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Troy, N.Y. -  11/26/2012

Ecoluminance: LRC Develops New Method to Light Roundabouts

Roundabouts, also known as traffic circles, are increasing in number across the U.S. These intersections generally increase traffic throughput while reducing the severity of automobile accidents. However, as relatively new traffic features, modern roundabouts are sometimes described as confusing for drivers. One difference between roundabouts and conventional cross-type intersections is the location of pedestrian crosswalks. Drivers may be less familiar with the location of crosswalks when driving through a roundabout.

The Lighting Research Center (LRC) at Rensselaer Polytechnic Institute has developed a concept for roadway illumination called "Ecoluminance" which incorporates roadside vegetation with low-level pedestrian and landscape lighting, retroreflective markers, and light-emitting diode (LED) road and walkway illumination.

In a study sponsored jointly by the New York State Energy Research and Development Authority (NYSERDA) and by the New York State Department of Transportation (NYSDOT), the LRC designed, installed and evaluated new lighting approaches in real-world conditions. Senior Research Scientist John Bullough and LRC Director Mark Rea were the principal investigators for the study.

“Ecoluminance uses a combination of lighting and vegetation to provide visual delineation, illumination for important safety hazards and concerns, and cues about road geometry,” said Bullough.

The ecoluminance concept was implemented at a roundabout in the Town of Bethlehem in Albany County, New York with cooperation from the Town Board and the Public Works, Highway, Planning, and Police Departments. Researchers from the State University of New York College of Environmental Science and Forestry also assisted with the study, and companies General Electric Lighting, Forms + Surfaces and Lightspec Albany donated luminaires to the project.

During two preliminary demonstrations during the summer of 2011, the LRC installed lights and vegetation and obtained feedback from NYSERDA and NYSDOT engineers as well as from town officials and the Town of Bethlehem Bicycle and Pedestrian Committee. Based on this feedback, the LRC installed vegetation and retroreflective markers in the central island of the roundabout, LED landscape lighting to illuminate vegetation and trees, bollards at crosswalks, and LED overhead lighting along sidewalks and the road during the summer of 2012. Roadway edges and pedestrians were more visible than under the conventional lighting, and vehicles approached the roundabout with similar or slightly lower speeds.

Traditional lighting for roundabouts consists of a relatively large number of pole-mounted overhead luminaires, which are relatively expensive to operate because they are energy intensive. The LRC estimates that the initial cost of the ecoluminance system is similar to that of conventional lighting, but the energy use is only about a fourth, resulting in substantially lower energy costs as well as substantially lower light pollution impacts. "The ecoluminance concept could allow transportation agencies to integrate vegetation and lighting while reducing costs and environmental impacts," said Rea.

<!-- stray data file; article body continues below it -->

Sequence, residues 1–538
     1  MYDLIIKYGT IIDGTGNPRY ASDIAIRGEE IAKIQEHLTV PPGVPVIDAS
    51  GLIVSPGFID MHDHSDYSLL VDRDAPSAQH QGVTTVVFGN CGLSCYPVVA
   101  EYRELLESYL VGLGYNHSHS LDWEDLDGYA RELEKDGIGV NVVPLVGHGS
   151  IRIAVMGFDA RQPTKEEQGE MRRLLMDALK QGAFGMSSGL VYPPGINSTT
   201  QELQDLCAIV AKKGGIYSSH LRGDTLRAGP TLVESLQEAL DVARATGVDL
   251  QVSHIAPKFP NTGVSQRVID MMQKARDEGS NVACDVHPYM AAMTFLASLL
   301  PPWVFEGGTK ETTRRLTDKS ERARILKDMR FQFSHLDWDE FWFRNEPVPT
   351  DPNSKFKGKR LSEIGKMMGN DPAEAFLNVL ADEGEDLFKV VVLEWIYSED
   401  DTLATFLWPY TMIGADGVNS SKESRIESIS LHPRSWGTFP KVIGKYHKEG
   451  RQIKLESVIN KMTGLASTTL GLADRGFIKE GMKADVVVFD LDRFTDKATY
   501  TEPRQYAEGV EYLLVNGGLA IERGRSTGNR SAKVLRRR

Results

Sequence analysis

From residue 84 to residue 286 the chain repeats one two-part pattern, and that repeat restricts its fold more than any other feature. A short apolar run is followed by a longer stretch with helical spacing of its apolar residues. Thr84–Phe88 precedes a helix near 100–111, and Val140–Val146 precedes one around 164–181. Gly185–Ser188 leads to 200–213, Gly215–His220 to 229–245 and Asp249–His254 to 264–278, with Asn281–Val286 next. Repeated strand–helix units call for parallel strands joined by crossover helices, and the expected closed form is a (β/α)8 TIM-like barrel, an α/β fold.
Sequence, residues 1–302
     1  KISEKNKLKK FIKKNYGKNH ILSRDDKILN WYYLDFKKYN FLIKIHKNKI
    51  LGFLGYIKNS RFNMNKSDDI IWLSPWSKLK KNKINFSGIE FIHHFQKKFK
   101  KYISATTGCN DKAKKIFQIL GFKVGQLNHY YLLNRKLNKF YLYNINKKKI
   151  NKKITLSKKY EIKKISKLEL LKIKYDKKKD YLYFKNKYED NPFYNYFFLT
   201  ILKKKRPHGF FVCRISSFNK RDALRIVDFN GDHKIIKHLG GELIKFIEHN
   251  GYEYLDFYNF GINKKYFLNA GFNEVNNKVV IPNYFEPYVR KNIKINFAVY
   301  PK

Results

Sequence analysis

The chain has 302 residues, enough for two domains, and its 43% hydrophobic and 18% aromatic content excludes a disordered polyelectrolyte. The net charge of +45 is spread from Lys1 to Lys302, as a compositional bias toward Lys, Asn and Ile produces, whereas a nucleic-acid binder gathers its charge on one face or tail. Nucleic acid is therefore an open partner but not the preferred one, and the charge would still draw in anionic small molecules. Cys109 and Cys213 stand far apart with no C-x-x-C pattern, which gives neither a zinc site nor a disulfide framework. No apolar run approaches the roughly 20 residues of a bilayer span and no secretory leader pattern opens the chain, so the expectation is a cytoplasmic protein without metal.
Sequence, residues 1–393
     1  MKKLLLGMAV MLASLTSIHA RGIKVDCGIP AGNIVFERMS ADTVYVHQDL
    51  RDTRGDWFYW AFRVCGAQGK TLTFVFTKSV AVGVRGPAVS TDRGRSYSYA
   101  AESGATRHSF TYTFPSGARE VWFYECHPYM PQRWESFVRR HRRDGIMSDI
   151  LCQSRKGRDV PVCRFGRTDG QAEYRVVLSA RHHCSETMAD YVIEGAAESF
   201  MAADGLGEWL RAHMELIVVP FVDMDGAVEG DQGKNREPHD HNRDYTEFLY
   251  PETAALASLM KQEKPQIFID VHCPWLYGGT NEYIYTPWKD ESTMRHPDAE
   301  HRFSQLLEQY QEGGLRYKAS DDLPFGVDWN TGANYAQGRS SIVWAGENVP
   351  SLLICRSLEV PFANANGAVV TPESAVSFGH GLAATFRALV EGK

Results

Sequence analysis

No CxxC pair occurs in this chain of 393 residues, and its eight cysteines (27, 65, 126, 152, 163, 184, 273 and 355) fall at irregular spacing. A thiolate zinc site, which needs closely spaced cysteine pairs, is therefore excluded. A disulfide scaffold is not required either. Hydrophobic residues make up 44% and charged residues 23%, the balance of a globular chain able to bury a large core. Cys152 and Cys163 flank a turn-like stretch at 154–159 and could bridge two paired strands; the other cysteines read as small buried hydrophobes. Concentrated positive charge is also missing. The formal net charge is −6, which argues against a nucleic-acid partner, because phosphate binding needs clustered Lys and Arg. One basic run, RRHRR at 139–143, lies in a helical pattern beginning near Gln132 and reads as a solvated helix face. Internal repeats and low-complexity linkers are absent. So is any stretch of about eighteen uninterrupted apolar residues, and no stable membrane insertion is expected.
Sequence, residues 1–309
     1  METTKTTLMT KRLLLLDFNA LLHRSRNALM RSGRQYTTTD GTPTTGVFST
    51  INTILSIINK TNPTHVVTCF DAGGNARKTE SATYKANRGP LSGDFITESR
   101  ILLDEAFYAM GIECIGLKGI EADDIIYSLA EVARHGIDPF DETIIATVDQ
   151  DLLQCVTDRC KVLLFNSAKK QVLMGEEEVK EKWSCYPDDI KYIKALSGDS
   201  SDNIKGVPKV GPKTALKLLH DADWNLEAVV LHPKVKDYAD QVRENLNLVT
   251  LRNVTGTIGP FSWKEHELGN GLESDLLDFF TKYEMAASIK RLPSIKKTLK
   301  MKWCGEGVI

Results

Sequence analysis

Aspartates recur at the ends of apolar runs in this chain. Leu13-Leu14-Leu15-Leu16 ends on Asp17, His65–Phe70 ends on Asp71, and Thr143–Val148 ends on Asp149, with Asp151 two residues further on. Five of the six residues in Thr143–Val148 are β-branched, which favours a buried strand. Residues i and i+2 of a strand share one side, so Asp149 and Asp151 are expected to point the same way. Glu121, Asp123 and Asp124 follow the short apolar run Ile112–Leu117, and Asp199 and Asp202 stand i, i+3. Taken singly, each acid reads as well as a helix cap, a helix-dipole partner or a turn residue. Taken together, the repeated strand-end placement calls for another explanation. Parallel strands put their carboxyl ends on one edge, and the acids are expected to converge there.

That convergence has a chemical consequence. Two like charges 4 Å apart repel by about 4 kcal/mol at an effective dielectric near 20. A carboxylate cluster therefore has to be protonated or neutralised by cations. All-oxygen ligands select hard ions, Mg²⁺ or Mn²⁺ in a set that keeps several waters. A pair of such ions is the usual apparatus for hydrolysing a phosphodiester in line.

The LRC's report is available online at:

About the Lighting Research Center
The Lighting Research Center (LRC) at Rensselaer Polytechnic Institute is the world's leading center for lighting research and education. Established in 1988 by the New York State Energy Research and Development Authority (NYSERDA), the LRC has been pioneering research in solid-state lighting, light and health, transportation lighting and safety, and energy efficiency for nearly 30 years. LRC lighting scientists with multidisciplinary expertise in research, technology, design, and human factors, collaborate with a global network of leading manufacturers and government agencies, developing innovative lighting solutions for projects that range from the Boeing 787 Dreamliner to U.S. Navy submarines to hospital neonatal intensive-care units. LRC researchers conduct independent, third-party testing of lighting products in the LRC's state of the art photometric laboratories, the only university lighting laboratories accredited by the National Voluntary Laboratory Accreditation Program (NVLAP Lab Code: 200480-0). In 1990, the LRC became the first university research center to offer graduate degrees in lighting and today, offers a M.S. in lighting and a Ph.D. to educate future leaders in lighting. With 35 full-time faculty and staff, 15 graduate students, and a 30,000 sq. ft. laboratory space, the LRC is the largest university-based lighting research and education organization in the world.

About Rensselaer Polytechnic Institute
Rensselaer Polytechnic Institute, founded in 1824, is America’s first technological research university. The university offers bachelor’s, master’s, and doctoral degrees in engineering; the sciences; information technology and web sciences; architecture; management; and the arts, humanities, and social sciences. Rensselaer faculty advance research in a wide range of fields, with an emphasis on biotechnology, nanotechnology, computational science and engineering, data science, and the media arts and technology. The Institute has an established record of success in the transfer of technology from the laboratory to the marketplace, fulfilling its founding mission of applying science “to the common purposes of life.”